Today’s Policy Agenda: Was Kansas’s Big Small-Biz Tax Cut a Failure?

The economy had an ugly first quarter. What should we do about it?

In complementary pieces, Mark Mills and economist John Makin weigh in on the shockingly weak economic growth numbers from last week, for Forbes and AEI respectively.

First, Mills:

There is no mystery as to what will restore growth.  The nation needs more, a lot more, new businesses. New, small businesses are where jobs come from, and then tax receipts follow to fund government programs. But the rate of creation of small businesses today is 30% lower than the booming 1980s. . . . How did we end up getting fewer small businesses?  We taxed and regulated them away.

This is touching on a distinction Republicans often miss when discussing this administration’s regulatory approach. “Anti-business” is probably a less accurate description than “corporatist,” as the new rules from energy regulations to the Walmart-endorsed minimum-wage hike offer something of a shield from competition for large incumbents. As venture capitalist Marc Andreessen explains of Sarbanes-Oxley, but also could be said of heavy regulation more generally, “The compliance and reporting requirements are extremely burdensome for a small company. It requires fleets of lawyers and accountants who come in and do years of work. . . . It’s biased enormously toward companies that are big enough to hire fleets of lawyers and accountants, biased against companies that are very young and for whom there’s still a lot of variability.” This is a problem because there’s pretty solid economic evidence that start-ups drive job growth and the kind of disruptive innovations that increase productivity and in turn GDP.

Mills also mentions the two keys to restoring previous levels of entrepreneurship. First, our corporate tax system is a mess and hurts workers as much as our firms. Luckily, there’s growing bipartisan consensus behind reforming the corporate code. We also need to create a regulatory environment more conducive to entrepreneurship; changing the tax treatment of corporate debt, moving from a too-big-to-fail financial framework to one that better serves the needs of start-ups, and removing barriers to our growing energy sector would be good starts.

And the Fed should stop just printing money before we get inflation, right? Not so much.

So says John Makin of AEI:  

The third estimate of the first-quarter 2014 US GDP rate was reported on June 25 to be -2.9 percent. Current dollar GDP also fell at a 1.7 percent pace. That is a Japan lost decade-style number. And prices rose at only a tepid 1.3 percent pace. These are awful growth numbers…This inflation fussing is nonsense for three reasons. First, it is not going to happen, especially in an economy that is barely growing. Second, there is nothing the Fed can or should do about the recent food-and-energy-driven rise in headline inflation. And third, an inflation rate that stabilizes in the 1.5 to 2.5 percent range would be optimal for a US economy struggling to sustain a subpar growth rate of barely 2 percent as real wages stagnate…Food prices have been driven up by drought conditions, and energy costs have been boosted by rising tensions in the Middle East. There is nothing the Fed can do about either factor…Core PCE inflation, the best guide to Fed policy, has stabilized at an average level well below the Fed’s 2 percent target. It currently stands at 1.5 percent.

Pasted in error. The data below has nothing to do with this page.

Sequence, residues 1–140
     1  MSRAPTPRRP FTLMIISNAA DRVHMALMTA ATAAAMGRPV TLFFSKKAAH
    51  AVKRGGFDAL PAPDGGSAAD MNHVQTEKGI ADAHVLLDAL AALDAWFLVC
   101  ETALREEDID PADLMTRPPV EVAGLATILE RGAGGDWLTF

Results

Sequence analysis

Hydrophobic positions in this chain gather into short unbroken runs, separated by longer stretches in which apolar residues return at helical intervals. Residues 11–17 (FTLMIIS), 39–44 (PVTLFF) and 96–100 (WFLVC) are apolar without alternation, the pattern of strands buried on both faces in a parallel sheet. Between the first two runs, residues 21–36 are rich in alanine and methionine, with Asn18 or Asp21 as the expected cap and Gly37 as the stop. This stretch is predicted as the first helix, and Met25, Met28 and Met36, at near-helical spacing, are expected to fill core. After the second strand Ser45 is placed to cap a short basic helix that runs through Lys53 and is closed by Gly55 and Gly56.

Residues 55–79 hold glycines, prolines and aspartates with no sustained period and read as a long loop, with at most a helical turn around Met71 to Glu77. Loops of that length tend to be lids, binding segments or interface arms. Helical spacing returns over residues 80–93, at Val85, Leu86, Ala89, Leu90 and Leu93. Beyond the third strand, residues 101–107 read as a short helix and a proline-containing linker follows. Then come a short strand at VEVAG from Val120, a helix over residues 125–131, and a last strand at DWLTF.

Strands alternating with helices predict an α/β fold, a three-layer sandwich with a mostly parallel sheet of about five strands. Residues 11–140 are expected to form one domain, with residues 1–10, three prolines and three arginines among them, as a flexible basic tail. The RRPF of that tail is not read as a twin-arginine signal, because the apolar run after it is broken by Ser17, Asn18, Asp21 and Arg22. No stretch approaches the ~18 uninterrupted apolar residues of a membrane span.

Makin’s argument is pretty strong considering the weak growth numbers, an inflation rate well below target, and the example of the disastrous Whip Inflation Now program of the 1970s that responded just as today’s inflation hawks would to a negative supply shock and seriously damaged the economy before being abandoned. Furthermore, even if inflation crept above target, it could actually be helpful to the labor market by reducing real wages in the short term, allowing firms to hire or avoid firing employees and inducing what Scott Sumner dubbed “catch-up inflation” just to get our economy back on the trend line it was on before the recession.

China’s suicide rate has fallen dramatically

The Economist reports on the sharp decline of suicides in China:

In the 1990s China had one of the highest suicide rates in the world. Young rural women in particular were killing themselves at an alarming rate. In recent years, however, China’s suicides have declined to among the lowest rates in the world. . . . Paul Yip, director of the Centre for Suicide Research and Prevention at the University of Hong Kong and a co-author of the recent study, says no country has ever achieved such a rapid decline in suicides. And yet, experts say, China has done it without a significant improvement in mental-health services—and without any national publicity effort to lower suicides. . . .Two intertwined social forces are driving the reduction: migration and the rise of an urban middle class. Moving to the cities to work, even if to be treated as second-class citizens when they get there, has been the salvation of many rural young women, liberating them from parental pressures, bad marriages, overbearing mothers-in-law and other stresses of poor, rural life. Migrants have also distanced themselves from the easiest form of rural suicide, swallowing pesticides, the chosen method in nearly 60% of rural cases, and often done impulsively.